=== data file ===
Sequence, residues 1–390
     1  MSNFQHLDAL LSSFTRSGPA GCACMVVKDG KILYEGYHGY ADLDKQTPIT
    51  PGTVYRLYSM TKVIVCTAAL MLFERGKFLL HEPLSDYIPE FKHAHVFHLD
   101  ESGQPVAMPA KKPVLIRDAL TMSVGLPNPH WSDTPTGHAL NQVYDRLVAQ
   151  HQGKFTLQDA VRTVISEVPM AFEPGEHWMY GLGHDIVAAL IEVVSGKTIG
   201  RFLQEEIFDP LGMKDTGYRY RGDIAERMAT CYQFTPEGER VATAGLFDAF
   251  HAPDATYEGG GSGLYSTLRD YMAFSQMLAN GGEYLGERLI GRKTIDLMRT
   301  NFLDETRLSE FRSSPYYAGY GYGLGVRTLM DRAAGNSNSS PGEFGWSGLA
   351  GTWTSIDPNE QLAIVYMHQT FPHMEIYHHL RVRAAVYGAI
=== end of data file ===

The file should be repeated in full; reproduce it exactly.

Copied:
Sequence, residues 1–390
     1  MSNFQHLDAL LSSFTRSGPA GCACMVVKDG KILYEGYHGY ADLDKQTPIT
    51  PGTVYRLYSM TKVIVCTAAL MLFERGKFLL HEPLSDYIPE FKHAHVFHLD
   101  ESGQPVAMPA KKPVLIRDAL TMSVGLPNPH WSDTPTGHAL NQVYDRLVAQ
   151  HQGKFTLQDA VRTVISEVPM AFEPGEHWMY GLGHDIVAAL IEVVSGKTIG
   201  RFLQEEIFDP LGMKDTGYRY RGDIAERMAT CYQFTPEGER VATAGLFDAF
   251  HAPDATYEGG GSGLYSTLRD YMAFSQMLAN GGEYLGERLI GRKTIDLMRT
   301  NFLDETRLSE FRSSPYYAGY GYGLGVRTLM DRAAGNSNSS PGEFGWSGLA
   351  GTWTSIDPNE QLAIVYMHQT FPHMEIYHHL RVRAAVYGAI